Yes, NVIDIA leads the way in performance. They own the fastest single GPU card, the fastest multiGPU single card, and the fastest multi card configurations. People who want the best of the best do pay a premium for the privilege, but that isn't something everyone is comfortable with. Most of us would much rather see a high end card that doesn't totally depart from sanity in terms of actual value gained through the purchase. Is the 9800 GTX that solution? That's what we are here to find out.

We've gotten a lot of feedback lately about our test system. Yes, at the very high end we haven't seen what we would have expected if all things were equal between all platforms. But the fact is that making a single platform work for apples to apples comparisons between CrossFire and SLI is worth it. With this review, we aren't quite there, as we just uncovered a HUGE issue that has been holding us back from higher performance with our high end hardware. We do have some numbers showing what's going on, but we just didn't have time to rerun all of our hardware after we discovered the solution to the issue. But we'll get to that shortly.

The major questions we will want to answer with this review are mostly about value. This card isn't a new architecture and it isn't really faster than other single card single GPU solutions. But the price point does make a difference here. At about $400, AMD's Radeon 3870X2 will be a key comparison point to this new $300 part. With the 8800 Ultra and GTX officially leaving the scene, the 9800 GX2 and 9800 GTX are the new top two in terms of high end hardware at NVIDIA. The price gap between these two is very large (the 9800 GX2 costs about twice as much as a stock clocked 9800 GTX) and the 3870X2 falls right in between them. Does this favor AMD or NVIDIA in terms of value? Does either company need to adjust their price point?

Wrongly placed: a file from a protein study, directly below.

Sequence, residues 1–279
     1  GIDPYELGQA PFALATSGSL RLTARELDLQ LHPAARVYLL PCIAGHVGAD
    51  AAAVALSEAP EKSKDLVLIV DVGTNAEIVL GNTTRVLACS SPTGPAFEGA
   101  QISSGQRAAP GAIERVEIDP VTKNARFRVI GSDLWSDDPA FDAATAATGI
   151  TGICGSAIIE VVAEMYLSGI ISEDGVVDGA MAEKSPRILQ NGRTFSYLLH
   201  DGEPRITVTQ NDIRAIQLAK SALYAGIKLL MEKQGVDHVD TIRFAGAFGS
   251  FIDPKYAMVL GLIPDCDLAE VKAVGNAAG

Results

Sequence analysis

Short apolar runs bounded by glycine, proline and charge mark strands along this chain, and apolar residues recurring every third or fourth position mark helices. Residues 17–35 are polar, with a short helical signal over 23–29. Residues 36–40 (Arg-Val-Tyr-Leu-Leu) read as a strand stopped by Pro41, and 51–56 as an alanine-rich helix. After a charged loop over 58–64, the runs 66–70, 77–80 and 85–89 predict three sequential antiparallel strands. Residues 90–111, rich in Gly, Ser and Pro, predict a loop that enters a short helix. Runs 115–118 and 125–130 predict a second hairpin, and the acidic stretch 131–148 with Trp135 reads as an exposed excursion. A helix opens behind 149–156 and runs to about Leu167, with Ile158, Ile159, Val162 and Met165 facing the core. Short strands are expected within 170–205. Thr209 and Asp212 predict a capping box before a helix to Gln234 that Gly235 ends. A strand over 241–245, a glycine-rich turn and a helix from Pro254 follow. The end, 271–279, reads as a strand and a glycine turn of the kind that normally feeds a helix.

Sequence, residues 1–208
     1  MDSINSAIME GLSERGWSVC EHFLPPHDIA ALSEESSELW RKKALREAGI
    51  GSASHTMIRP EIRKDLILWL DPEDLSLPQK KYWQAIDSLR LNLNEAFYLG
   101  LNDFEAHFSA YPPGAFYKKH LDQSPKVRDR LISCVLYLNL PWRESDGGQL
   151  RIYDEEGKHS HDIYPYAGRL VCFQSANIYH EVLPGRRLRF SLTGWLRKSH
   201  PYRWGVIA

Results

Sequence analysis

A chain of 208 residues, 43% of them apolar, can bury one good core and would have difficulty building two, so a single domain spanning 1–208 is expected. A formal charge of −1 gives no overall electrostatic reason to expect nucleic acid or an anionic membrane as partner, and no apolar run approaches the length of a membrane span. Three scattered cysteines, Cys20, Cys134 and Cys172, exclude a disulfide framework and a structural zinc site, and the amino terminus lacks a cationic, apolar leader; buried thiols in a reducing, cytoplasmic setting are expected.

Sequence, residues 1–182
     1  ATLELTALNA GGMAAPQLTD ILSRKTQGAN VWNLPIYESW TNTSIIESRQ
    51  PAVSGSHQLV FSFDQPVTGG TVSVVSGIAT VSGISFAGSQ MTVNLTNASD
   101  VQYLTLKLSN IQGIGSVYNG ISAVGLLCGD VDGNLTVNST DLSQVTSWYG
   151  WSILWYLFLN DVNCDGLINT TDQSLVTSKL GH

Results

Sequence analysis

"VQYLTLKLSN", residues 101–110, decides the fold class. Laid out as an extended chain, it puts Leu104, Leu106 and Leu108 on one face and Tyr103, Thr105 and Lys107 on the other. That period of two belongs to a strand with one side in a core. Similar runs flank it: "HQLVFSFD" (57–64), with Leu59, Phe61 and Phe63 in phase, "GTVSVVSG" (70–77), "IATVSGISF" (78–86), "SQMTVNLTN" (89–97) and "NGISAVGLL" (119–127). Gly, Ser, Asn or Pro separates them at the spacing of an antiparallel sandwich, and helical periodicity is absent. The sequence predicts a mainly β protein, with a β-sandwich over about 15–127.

Things are rarely straightforward in the graphics world, and with the crazy price points and multi-GPU solutions that recently burst on to the scene, we’ve got a lot of stuff to try and make sense out of. Let us take you through the looking glass...

The 9800 GTX and EVGA’s Cards
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  • nubie - Tuesday, April 01, 2008 - link

    It is all well and good to bash nVidia for lack of SLi support on other systems, but why can't the AMD cards run on an nVidia motherboard? Kill 2 birds with one stone there, lose your FB-Dimms and test on a single platform.

    Apples to apples, you can't say nVidia is at fault when the blame isn't entirely theirs (besides, isn't the capability to run Crossfire and SLi on one system a little out of the needs of most users?).

    Is it that AMD allows crossfire on all Except nVidia motherboards? (Do VIA, or SiS make a multi-PCIe board?) If so, then we are talking Crossfire availability on Intel and AMD chipsets, and not nvidia, whereas nVidia allows only their own. That sounds like 30/70% blame AMD vs nVidia.
    Reply
  • PeteRoy - Tuesday, April 01, 2008 - link

    It is too hard to understand these graphs, use the ones you had in the past, I can't understand how to compare the different systems in these graphs.

    Use the graphs from the past with the best on top and the worst on bottom.
    Reply
  • araczynski - Tuesday, April 01, 2008 - link

    i'm using a 7900gtx right now, and the 9800gtx isn't impressing me enough to warrant $300, i might just pick up an 8800gts512 in a month when they're all well below $200. overclocking one would be more than "close enough" for me. Reply
  • araczynski - Tuesday, April 01, 2008 - link